On this day in 1566 King James VI was born.
The only son of Mary, Queen of Scots, and Lord Darnley, James acceded to the throne at the age of one, after his mother was forced to abdicate. He was tutored by George Buchanan, a firm Protestant and one of the sharpest minds in Scotland. James was a master diplomat and courted favour in England until he emerged as the main challenger to inherit the English crown on Elizabeth's death. After gaining the English kingdom, James left Edinburgh and only returned once to Scotland.
On 19 June, 1861 Earl Haig was born in Edinburgh. Haig spent a distinguished career in the military, rising through the ranks of the 7th Hussars until eventually becoming C-in-C of British forces in 1915.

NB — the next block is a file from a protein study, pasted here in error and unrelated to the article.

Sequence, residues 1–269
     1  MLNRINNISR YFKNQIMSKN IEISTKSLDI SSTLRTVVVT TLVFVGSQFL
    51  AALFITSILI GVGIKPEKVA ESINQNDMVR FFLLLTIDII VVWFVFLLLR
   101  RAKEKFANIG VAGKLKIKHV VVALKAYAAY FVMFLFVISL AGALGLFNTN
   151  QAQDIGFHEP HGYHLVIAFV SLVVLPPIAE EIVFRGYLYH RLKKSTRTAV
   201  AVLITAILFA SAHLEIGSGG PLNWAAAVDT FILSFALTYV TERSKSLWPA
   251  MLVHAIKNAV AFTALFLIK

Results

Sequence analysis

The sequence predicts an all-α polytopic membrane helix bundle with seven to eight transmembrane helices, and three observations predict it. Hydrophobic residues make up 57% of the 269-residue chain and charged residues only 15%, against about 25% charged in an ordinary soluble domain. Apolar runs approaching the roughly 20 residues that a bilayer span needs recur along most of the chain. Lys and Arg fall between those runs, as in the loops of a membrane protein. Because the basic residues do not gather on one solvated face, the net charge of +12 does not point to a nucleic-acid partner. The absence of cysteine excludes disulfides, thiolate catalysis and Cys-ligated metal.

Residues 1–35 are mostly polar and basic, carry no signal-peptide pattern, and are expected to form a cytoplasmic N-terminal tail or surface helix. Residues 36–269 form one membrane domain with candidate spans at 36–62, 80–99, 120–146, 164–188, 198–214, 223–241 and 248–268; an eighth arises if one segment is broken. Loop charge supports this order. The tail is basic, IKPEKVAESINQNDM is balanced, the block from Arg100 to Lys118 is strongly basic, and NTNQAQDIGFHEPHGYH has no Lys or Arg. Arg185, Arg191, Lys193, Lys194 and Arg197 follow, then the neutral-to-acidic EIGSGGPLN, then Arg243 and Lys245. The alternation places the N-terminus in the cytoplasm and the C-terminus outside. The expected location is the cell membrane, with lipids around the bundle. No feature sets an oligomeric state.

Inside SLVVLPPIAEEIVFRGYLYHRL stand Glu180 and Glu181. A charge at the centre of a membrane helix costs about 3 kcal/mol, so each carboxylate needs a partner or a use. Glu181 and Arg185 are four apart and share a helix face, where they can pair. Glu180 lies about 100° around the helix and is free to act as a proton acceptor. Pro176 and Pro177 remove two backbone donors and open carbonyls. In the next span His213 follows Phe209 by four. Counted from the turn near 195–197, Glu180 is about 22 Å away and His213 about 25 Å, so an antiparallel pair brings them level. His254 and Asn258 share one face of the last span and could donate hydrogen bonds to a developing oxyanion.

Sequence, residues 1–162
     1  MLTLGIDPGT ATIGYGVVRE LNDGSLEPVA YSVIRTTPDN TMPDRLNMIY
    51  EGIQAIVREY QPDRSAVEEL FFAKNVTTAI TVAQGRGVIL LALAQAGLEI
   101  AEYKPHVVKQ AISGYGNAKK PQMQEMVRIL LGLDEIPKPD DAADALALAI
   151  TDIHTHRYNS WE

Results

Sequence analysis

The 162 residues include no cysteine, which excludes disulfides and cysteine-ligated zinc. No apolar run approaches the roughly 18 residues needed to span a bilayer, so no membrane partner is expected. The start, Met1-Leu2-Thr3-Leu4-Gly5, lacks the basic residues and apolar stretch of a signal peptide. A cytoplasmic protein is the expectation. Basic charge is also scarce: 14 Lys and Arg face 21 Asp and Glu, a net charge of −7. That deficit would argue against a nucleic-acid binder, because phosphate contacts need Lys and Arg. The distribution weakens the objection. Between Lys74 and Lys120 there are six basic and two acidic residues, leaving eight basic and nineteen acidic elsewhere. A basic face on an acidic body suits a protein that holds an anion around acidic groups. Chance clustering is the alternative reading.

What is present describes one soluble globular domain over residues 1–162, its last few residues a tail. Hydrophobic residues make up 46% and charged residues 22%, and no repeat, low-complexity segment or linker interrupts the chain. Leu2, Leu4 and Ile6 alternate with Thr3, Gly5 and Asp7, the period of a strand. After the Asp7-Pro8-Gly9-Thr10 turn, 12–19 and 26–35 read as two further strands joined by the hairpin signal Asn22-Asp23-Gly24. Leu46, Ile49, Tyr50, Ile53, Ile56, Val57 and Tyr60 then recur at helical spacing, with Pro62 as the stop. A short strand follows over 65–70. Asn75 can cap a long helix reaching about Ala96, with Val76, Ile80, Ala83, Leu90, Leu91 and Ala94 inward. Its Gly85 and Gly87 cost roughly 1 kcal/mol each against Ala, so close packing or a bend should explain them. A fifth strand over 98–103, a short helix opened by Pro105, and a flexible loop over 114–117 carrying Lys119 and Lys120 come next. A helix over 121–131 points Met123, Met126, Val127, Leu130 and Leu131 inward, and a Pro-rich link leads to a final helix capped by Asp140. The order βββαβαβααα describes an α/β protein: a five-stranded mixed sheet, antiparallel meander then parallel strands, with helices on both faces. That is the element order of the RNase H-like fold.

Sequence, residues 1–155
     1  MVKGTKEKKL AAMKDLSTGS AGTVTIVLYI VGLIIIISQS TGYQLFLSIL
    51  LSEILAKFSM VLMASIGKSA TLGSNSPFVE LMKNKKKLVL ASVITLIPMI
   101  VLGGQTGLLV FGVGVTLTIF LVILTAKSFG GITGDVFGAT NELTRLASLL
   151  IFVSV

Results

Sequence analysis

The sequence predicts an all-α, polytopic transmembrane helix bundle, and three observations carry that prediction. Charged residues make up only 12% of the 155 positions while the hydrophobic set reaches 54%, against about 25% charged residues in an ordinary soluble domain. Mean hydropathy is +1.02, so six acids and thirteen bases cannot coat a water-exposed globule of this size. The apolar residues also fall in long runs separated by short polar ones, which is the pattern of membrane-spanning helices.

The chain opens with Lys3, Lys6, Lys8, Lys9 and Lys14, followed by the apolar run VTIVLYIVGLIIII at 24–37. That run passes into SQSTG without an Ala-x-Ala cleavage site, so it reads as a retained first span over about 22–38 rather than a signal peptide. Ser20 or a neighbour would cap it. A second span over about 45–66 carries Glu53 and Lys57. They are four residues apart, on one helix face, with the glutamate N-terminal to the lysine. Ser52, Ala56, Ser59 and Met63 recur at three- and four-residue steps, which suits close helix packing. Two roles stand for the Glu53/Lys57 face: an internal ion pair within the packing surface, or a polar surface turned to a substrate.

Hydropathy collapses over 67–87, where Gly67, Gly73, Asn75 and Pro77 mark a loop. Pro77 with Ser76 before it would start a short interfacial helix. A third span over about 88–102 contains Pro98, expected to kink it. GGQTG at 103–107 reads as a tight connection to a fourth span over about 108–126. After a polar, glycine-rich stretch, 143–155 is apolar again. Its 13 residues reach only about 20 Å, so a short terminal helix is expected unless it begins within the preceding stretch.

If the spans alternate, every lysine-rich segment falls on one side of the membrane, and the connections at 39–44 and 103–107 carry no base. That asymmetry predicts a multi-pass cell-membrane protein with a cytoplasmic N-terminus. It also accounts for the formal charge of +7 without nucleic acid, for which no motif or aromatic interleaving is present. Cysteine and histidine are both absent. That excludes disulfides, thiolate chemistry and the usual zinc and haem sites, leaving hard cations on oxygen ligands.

Haig's tactics during the First World War have been called into question as being unimaginative and wasteful of soldiers' lives, and Haig himself cited his own despair at the casualties lost as the main reason for his work in founding the British Legion and instituting the Poppy Day appeal.
On 19 June 1937 J M Barrie, the Scottish playwright and novelist, died.
Although a prolific writer, Barrie is principally remembered today for his classic children's story, Peter Pan. Other notable Barrie works include the prose work A Window in Thrums and the play The Admirable Crichton.
Today's recipe: fed up with limp and tasteless salads? This feta and pomegranate dish is an appetising replacement.